3. Overcoming Resistance

4. Reaching Out

Let's Practice!

You can deepen a sense of community by the quality of relating you practice and the types of interactions you support.

We create intimacy and move beyond fear when we report our internal experience. Revealing our inner voices seems so simple, yet it's illusive because we come from a culture that teaches us to get it right, perform, and have our act together before we speak.  But intimacy is not about performance.  It's about telling the truth, staying present and revealing our inner world as it unfolds before us.

The inner experience of listening includes the ability to relax inside, put one's agenda aside and be present.  You will be amazed at the differences in your life when you get centered enough to listen well and speak from your heart.

Questions (Pair up with someone you don't know very well, and ask...)

What is important in your life right now?   

What do you do in your free time?                           

What are you proud of having done in your life?

What brought you to voluntary simplicity?

What are you working on right now?       

How do you feel about your relationship circle? What are you glad about? What's missing?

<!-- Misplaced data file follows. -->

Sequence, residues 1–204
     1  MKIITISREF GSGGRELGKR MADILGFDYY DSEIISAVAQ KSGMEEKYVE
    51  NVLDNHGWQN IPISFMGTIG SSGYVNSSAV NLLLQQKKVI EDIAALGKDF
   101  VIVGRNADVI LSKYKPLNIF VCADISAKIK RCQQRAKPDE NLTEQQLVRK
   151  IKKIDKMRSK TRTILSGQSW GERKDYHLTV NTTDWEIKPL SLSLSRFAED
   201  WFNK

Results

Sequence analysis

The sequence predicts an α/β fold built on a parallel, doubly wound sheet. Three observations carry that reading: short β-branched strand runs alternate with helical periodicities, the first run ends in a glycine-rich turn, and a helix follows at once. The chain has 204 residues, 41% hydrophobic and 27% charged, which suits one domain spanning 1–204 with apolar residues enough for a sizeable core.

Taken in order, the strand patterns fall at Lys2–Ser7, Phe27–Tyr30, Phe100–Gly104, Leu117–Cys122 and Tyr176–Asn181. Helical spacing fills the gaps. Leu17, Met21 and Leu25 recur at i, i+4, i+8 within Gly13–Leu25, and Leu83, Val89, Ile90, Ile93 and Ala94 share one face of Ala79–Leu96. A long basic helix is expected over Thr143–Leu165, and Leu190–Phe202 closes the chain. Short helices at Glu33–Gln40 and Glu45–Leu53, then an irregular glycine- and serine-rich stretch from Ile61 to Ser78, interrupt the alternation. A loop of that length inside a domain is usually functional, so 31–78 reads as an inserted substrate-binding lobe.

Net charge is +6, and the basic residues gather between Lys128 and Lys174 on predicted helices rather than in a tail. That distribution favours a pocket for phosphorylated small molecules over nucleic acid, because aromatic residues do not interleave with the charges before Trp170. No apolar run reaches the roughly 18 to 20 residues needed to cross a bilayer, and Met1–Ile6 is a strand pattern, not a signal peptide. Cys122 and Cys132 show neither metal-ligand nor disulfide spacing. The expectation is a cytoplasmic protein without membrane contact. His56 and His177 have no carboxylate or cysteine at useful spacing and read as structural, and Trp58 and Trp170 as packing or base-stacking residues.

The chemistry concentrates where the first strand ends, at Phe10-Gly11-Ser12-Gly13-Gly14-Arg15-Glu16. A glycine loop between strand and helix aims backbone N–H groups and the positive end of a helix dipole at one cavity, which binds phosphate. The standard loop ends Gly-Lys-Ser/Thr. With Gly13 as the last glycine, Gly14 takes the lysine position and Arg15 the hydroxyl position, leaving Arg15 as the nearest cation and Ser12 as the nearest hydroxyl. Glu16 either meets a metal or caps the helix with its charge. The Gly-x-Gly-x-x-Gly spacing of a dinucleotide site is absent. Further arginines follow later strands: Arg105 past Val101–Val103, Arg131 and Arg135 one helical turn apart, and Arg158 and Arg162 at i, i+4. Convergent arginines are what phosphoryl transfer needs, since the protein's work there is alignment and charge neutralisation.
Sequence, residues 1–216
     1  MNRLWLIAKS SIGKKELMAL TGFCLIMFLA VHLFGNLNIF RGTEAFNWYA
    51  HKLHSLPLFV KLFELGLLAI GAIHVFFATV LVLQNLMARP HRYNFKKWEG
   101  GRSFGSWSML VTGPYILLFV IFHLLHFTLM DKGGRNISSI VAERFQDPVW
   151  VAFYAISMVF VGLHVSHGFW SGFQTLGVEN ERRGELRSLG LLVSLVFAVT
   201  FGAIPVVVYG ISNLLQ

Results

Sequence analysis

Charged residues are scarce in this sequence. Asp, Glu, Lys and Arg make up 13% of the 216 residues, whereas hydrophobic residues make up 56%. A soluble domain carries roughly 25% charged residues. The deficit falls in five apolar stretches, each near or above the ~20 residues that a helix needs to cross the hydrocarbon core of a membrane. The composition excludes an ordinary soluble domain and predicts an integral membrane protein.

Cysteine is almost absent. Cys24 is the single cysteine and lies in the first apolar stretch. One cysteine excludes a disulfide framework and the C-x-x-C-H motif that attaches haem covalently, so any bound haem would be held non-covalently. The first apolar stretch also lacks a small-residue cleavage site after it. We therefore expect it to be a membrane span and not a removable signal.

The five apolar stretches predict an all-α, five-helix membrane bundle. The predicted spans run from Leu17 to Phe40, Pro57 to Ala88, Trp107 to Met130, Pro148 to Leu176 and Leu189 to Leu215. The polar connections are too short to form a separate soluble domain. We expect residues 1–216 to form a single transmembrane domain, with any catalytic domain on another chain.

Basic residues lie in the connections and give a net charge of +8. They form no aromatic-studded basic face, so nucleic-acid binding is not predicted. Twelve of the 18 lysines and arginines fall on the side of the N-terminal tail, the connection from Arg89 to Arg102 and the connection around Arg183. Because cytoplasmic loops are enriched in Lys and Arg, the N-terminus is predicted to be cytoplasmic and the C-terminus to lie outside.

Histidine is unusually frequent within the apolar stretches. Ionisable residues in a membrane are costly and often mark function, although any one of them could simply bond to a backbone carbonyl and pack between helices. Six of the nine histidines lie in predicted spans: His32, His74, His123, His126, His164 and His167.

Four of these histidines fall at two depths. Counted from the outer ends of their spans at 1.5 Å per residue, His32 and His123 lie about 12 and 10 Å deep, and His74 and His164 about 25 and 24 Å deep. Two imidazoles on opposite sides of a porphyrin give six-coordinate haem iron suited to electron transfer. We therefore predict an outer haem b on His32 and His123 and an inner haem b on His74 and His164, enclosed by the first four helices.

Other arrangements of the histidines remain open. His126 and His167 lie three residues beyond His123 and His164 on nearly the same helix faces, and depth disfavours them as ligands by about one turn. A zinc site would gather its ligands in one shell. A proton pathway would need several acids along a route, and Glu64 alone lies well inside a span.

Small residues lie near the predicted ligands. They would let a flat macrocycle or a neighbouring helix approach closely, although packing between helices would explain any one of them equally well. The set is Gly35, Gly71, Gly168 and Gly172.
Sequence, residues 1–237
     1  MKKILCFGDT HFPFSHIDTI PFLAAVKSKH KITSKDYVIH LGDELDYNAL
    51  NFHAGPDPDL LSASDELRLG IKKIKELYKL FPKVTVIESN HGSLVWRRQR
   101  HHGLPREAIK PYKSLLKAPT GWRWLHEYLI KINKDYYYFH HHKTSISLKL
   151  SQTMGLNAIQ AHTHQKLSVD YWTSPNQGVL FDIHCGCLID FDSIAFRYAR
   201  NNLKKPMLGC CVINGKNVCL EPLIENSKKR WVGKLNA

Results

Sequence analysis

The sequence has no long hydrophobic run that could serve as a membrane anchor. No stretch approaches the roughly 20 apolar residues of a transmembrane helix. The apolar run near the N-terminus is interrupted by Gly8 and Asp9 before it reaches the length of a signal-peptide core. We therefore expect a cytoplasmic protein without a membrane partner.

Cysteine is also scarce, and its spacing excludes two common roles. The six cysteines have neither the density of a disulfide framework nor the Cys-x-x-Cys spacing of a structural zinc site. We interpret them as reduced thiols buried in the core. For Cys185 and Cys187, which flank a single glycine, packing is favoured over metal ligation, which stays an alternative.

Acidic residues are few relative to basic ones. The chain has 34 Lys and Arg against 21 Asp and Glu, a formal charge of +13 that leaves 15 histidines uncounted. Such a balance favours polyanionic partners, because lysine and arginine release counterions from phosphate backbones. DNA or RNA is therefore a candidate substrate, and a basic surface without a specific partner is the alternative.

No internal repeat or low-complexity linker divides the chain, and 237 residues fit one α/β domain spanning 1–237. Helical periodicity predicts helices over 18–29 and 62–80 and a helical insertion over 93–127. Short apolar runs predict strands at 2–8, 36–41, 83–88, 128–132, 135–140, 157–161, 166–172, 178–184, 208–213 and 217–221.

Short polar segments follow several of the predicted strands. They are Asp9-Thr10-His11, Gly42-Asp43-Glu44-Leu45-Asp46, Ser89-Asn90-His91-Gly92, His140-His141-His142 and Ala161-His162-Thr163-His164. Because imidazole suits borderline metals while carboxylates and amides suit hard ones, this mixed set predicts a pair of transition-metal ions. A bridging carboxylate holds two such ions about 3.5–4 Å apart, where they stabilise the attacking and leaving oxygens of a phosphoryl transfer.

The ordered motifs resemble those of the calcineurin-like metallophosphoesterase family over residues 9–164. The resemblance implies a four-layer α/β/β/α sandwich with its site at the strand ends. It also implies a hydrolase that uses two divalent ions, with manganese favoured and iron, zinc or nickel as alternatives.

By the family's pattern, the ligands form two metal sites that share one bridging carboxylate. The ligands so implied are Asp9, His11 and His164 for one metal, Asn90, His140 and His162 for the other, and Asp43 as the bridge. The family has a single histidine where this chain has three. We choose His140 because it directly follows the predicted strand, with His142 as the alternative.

Next, let's look more closely at the Voluntary Simplicity Group.

To judge your community, check its dimensions.  A community that's developed significantly in all three will feel like community, if not, or if only slightly in one dimension, it will feel flat and leave you longing for more.

Length: how long and how committed are you to continuing?

Breadth: how many facets of life do you share and how wide a range of people and experiences do you include?

Depth: how deeply, how thoroughly or intimately do you share?

Acknowledge this Community: the San Diego Voluntary Simplicity Group.

We have been meeting for 7 years!   Next month begins our 8th.

Acknowledge Volunteers: greeter, personal testimony, facilitator, topic leaders, panel members, closing, steering committee members, conference volunteers, info table volunteers, webmeister and contributors to our new website, co-chairs

Community is many things, but the underlying theme is the feeling of being valued, of feeling accepted, of being cared for.  Without community, we will all feel alone and insecure and continue to see life as a battleground in which we must continue working, competing and accumulating things.

--Cecile Andrews, Author of The circle of Simplicity


Americans as a culture are releasing an old way of perceiving themselves and opening to a new one, and you are helping.  As you acknowledge your yearning for community and take the risk of acting on this, you change the culture. 

You may feel daunted by the task of creating community in a culture that does not value the time this takes or the process required.  But remember that each time you call a group together to reflect and celebrate, or risk greater honesty in a circle of friends or work team, you are changing the culture - and making it that much easier for others, and yourself, to build community in the future.  Also remember that you are not taking these risks alone.